Titus Didius

Titus Didius (also spelled Deidius in ancient times) was a politician and general of the Roman Republic. In 98 BC he became the first member of his family to be consul. He is credited with the restoration of the Villa Publica,[1] and for his command in Hispania Citerior (the south-east of modern-day Spain). He held two Triumphs, one for his victories over the Scordisci, another for his victories in Spain.

Titus Didius
Consul of the Roman Republic
In office
January 98 BC – December 98 BC
Preceded byAulus Postumius Albinus and Marcus Antonius the Orator
Succeeded byGnaeus Cornelius Lentulus and Publius Licinius Crassus
Personal details
BornRoman Republic
DiedJune 11, 89 BC
Military service
  • The 101 BC campaign against the Scordisci
  • The 97-93 BC campaigns in Hispania against several Iberian and Celt-Iberian tribes and people

Family backgroundEdit

Titus Didius belonged to the plebeian gens Didia, which was relatively new in Roman politics. The first known member of the gens was his homonymous father, who passed a sumptuary law (the lex Didia) when he was tribune of the plebs in 143 BC.[2] From his filiation given in the Fasti Capitolini, we also know that Didius' grandfather was named Sextus.


Denarius of Titus Didius, minted c. 113–112 BC. The obverse shows the head of Roma, while the reverse depicts two gladiators fighting. His name is spelled Deidius here.

Triumvir monetalis (c. 113–112 BC)Edit

Titus Didius first appears in history as triumvir monetalis, one of the three men tasked with minting coins, probably in 113 or 112. The reverse of his denarii shows two gladiators fighting. Michael Crawford suggests that it may have been a political promise from Didius to offer gladiatorial shows, should he be elected curule aedile (the magistrate in charge of organising such games).[3] It is not known whether Didius was subsequently elected.

Tribune of the Plebs (103 BC)Edit

Titus Didius held office in 103 BC as a tribune of the Plebs. He is noted for attempting to veto fellow tribune Gaius Norbanus's prosecution of Quintus Servilius Caepio in the aftermath of the Battle of Arausio, which resulted in him being driven off from the proceedings by force.

Praetor (101 BC)Edit

Two years later in 101 BC, he was elected a praetor. During this time he fought in Macedon, defeating the Scordisci and earning his first triumph upon his return in 100 BC.[4]

Consul (98 BC)Edit

In 98 BC Didius was elected consul alongside Quintus Caecilius Metellus Nepos. Along with restoring the Villa Publica,[1] he enacted a law which disallowed combining two unrelated proposals in one bill.[5]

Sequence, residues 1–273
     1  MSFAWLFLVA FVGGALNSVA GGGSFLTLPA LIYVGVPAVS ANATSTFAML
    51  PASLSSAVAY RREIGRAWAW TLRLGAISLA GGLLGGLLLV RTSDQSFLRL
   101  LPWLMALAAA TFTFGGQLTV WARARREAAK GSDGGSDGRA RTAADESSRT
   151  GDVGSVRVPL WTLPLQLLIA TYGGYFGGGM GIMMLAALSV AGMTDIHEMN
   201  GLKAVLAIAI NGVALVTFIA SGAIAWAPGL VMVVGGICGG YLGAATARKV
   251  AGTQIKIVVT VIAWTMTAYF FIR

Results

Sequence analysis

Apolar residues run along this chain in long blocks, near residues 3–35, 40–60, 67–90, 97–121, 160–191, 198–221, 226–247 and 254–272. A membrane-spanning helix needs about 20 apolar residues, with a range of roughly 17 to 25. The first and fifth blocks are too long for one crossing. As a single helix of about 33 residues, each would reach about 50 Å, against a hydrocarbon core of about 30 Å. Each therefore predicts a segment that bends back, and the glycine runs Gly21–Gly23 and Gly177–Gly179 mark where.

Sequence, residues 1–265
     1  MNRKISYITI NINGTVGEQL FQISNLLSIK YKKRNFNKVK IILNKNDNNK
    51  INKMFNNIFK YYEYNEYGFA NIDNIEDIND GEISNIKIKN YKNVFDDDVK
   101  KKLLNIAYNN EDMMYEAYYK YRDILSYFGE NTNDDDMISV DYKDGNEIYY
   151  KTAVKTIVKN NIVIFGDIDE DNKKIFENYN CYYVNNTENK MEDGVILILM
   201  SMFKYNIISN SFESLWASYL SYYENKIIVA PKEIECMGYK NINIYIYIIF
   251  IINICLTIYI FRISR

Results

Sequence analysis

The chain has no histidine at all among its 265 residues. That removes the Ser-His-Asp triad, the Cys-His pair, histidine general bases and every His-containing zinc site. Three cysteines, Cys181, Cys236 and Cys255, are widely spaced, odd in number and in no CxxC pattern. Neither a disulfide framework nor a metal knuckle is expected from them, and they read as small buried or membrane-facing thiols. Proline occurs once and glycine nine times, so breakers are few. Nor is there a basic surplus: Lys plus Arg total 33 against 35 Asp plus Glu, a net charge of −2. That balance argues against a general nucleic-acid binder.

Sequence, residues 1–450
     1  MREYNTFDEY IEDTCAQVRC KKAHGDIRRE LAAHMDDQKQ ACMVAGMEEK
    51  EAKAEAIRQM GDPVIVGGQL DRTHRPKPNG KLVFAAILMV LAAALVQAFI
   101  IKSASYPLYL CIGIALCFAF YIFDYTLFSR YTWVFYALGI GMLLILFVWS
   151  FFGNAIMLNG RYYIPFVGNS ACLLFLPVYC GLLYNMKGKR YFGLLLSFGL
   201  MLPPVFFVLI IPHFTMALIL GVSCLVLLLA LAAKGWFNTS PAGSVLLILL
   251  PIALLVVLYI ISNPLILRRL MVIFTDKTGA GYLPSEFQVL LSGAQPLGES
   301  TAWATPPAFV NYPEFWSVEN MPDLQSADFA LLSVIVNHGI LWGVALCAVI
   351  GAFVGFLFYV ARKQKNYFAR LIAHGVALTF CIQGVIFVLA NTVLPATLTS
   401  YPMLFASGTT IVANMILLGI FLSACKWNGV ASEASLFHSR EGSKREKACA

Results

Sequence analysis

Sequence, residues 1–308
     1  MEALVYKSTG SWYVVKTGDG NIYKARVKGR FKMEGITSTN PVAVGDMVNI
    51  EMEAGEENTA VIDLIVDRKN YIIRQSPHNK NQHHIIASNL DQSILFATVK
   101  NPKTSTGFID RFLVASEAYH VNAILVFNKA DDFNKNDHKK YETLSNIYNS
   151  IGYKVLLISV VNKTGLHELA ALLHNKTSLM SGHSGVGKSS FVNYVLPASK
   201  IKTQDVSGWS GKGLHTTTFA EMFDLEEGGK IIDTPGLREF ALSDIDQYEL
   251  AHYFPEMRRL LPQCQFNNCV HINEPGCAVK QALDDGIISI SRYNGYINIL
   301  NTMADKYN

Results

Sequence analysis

Proconsul (97–93 BC)Edit

After his term as consul, Didius was assigned to govern the province of Hispania Citerior as a proconsul, where he governed from 97 BC to 93 BC. Nearly his entire proconsular term in Spain was spent at war with the Celtiberi. In the four years Didius governed Spain, he achieved multiple victories and is said to have slain 20,000 Arevaci, quelled the rebellious city of Termes (today Tiermes in the province of Soria), and besieged Colenda for nine months, after which time the city fell and the women and children were sold into slavery.[6] Didius earned another triumph after slaughtering a colony of "robbers"[7]—in actuality, poor people who had banded together to subsist through banditry after losing their property. Didius lured them in with promises of land to live on, and when the families assembled within the Roman castra in good faith, he had them all killed.[6] The historian Appian indicates that Didius's exceptional cruelty and treachery caused an even greater uprising which his experienced successor, Gaius Valerius Flaccus, had to put down.[8]

The famous Roman rebel Quintus Sertorius served as a military tribune under Titus Didius in Spain. He was awarded the Grass Crown for crushing an insurrection in and around Castulo.[9]

Death (89 BC)Edit

After concluding his service in Spain, Didius served as a legate in the Social War, under Lucius Julius Caesar in 90 BC, then Lucius Porcius Cato and Sulla in 89 BC.[10] Shortly following a successful capture of Herculaneum, he died in battle on June 11, 89 BC.


  1. ^ a b Makin, Ena. "The Triumphal Route, with Particular Reference to the Flavian Triumph." The Journal of Roman Studies 11(1921) 27. JSTOR 295885
  2. ^ Broughton, vol. I, pp. 472, 474 (note ).
  3. ^ Crawford, Roman Republican Coinage, p. 308.
  4. ^ Cicero, "In Pisonem." http://www.perseus.tufts.edu/cgi-bin/ptext?doc=Perseus%3Atext%3A1999.02.0020&layout=&loc=Pis.+60
  5. ^ Cicero, "de Domo Sua." <http://www.perseus.tufts.edu/cgi-bin/ptext?doc=Perseus%3Atext%3A1999.02.0020&layout=&loc=dom.+53>
  6. ^ a b Appian, History of Rome. https://www.livius.org/ap-ark/appian/appian_spain_20.html#%A7100
  7. ^ William Smith, "T. Didius." Dictionary of Greek and Roman Biography and Mythology. 1870. "Archived copy". Archived from the original on 2011-06-05. Retrieved 2011-06-05.{{cite web}}: CS1 maint: archived copy as title (link)
  8. ^ Leonard A. Curchin, Roman Spain: Conquest and Assimilation (Routledge, 1991), p. 41 online.
  9. ^ Plutarch, Life of Marius, 27; Philip Matyszak, Sertorius and the struggle for Spain, p. 17.
  10. ^ Cicero, "Pro Fonteio." http://www.perseus.tufts.edu/cgi-bin/ptext?doc=Perseus%3Atext%3A1999.02.0019&layout=&loc=Font.+43


Political offices
Preceded by Roman consul
98 BC
With: Q. Caecilius Metellus Nepos
Succeeded by